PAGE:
The scientific community continues to tout graphene’s amazing properties, and one of its most recent promising applications takes its inspiration from an unlikely source: moths. Before we get into what graphene could possibly have to do with this unassuming insect, let’s review the properties that make graphene such a promising material to invest in:
Like something straight out of a comic book, graphene’s properties are unheard of among current materials on the market. This wonder material is 200 times stronger than steel and able to conduct electricity 1000 times faster than copper. As if that’s not impressive enough, graphene is also flexible, stretchy, and transparent. Oh, and it’s a million times thinner than a single strand of hair.
Graphene clearly proves that good things come in small packages. The material’s extreme thinness, however, has presented researchers with a unique set of challenges as well as opportunities. The thin flat material will be critical in medical and electronic applications.However, graphene has proven inefficient at absorbing light, which has delayed the progress of potential optical applications.
All that’s about to change. New research out of the University of Surrey has demonstrated how graphene can be boosted to absorb 90 percent more incident light, rendering graphene the most light absorbent material for its weight to date. The research appears in a new paper in Science Advances. So how did the research team, led by Professor Ravi Silva, work with graphene’s unique properties to supercharge its light absorption to such an impressive extent? Looking to nature, moths–of all creatures–inspired the research team’s solution.
“Moths’ eyes have microscopic patterning that allows them to see in the dimmest conditions. These work by channelling light towards the middle of the eye, with the added benefit of eliminating reflections, which would otherwise alert predators of their location,” explained Professor Silva. “We have used the same technique to make an amazingly thin, efficient, light-absorbent material by patterning graphene in a similar fashion,” he explained.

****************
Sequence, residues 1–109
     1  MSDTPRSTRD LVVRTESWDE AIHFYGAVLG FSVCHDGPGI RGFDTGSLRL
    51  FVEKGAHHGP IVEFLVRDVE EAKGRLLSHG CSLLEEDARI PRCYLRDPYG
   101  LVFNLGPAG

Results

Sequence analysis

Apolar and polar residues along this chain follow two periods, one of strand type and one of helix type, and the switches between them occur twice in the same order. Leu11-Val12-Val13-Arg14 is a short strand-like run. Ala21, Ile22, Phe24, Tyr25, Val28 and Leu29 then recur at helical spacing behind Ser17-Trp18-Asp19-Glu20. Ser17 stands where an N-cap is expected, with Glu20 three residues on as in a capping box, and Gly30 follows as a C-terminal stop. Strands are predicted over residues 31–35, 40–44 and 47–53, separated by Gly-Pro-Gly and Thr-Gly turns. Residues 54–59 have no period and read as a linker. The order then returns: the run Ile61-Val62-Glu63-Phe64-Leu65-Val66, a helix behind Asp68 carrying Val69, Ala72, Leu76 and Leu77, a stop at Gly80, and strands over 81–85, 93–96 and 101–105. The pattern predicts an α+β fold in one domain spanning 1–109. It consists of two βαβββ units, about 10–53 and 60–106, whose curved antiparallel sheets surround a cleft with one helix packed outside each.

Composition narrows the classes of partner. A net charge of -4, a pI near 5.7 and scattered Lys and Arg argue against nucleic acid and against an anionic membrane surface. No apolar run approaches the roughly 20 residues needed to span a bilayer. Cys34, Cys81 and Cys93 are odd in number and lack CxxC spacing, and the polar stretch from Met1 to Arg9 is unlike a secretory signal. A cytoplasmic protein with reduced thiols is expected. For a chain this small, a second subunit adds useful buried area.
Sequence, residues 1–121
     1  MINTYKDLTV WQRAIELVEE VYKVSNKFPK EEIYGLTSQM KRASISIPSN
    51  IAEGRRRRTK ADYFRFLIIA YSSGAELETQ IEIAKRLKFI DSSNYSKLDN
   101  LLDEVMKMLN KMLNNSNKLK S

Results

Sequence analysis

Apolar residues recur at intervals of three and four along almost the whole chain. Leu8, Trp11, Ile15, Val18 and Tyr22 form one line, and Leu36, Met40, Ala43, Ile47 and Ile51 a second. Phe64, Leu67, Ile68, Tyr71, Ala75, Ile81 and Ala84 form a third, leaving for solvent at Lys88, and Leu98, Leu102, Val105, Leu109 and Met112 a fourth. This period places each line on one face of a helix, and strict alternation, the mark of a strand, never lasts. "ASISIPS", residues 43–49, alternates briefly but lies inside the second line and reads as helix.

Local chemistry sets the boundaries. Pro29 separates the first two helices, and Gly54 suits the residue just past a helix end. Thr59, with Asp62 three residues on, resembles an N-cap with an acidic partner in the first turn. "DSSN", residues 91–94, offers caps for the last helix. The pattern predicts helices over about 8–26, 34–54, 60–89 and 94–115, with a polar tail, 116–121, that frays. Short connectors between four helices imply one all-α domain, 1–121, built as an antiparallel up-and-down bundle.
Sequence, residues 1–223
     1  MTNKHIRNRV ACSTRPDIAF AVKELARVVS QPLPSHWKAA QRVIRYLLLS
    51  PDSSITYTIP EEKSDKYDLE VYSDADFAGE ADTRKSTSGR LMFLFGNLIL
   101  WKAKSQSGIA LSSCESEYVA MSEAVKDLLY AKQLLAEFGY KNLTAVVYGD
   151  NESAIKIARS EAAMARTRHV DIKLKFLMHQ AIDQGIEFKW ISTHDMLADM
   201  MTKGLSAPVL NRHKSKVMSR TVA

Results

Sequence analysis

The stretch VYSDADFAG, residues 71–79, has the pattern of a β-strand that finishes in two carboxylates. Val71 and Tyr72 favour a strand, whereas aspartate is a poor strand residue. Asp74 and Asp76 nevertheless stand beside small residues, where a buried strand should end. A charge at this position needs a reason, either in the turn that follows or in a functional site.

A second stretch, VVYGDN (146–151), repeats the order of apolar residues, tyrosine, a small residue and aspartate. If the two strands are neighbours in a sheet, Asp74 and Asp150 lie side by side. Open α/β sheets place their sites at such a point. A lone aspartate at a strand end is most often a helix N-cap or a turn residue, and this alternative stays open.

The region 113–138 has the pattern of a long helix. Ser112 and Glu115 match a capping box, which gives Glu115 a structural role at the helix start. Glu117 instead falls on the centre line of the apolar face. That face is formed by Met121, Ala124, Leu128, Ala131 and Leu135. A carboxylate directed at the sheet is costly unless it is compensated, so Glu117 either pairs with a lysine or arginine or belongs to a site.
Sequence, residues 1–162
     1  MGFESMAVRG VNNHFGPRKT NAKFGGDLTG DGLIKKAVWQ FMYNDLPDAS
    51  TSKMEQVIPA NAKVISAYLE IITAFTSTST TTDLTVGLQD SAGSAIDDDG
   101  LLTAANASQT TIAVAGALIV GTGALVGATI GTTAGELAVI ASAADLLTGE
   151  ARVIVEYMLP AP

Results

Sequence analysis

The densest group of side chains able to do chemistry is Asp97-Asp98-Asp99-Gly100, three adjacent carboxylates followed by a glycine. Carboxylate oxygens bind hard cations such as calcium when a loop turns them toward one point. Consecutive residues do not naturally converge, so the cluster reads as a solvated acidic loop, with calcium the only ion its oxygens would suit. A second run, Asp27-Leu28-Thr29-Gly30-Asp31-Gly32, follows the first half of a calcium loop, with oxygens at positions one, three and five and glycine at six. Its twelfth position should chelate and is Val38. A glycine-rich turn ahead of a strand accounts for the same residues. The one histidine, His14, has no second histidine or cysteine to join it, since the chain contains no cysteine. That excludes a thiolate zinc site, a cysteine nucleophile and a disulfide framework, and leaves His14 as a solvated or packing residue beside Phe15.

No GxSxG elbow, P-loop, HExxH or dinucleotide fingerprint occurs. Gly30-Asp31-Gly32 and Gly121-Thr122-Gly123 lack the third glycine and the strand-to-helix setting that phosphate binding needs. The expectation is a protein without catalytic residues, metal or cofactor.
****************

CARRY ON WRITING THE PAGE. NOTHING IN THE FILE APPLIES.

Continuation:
The team employed a technique called nanotexturing, which involves growing graphene around a textured metallic surface. By creating a texture on the graphene sheet, light can be localized into the spaces between the pattern, thereby creating a kind of “smart” lining that is able to absorb 90 percent more light.
This inspired approach could have all sorts of amazing tech applications. Here are just a few initial uses that Professor Silva noted:
- Solar cells coated with nanotextured sheets could harvest dim light
- Infrared imaging in opto-MEMs devices
- Indoor installation could yield smart wallpaper to generate electricity from light or heat that is typically wasted
- New sensors and energy harvesters for electronic devices could improve performance and efficiency
The recent developments in manipulating the way graphene absorbs light supports the notion that resources found in nature can enhance manmade substances in entirely new and unexpected ways. The natural world is valuable for many reasons, and facilitating the next frontier in cutting edge technology is a source of value that is not often cited. It’s worth remembering that along with the research team at the University of Surrey, we have moths to thank for this big breakthrough.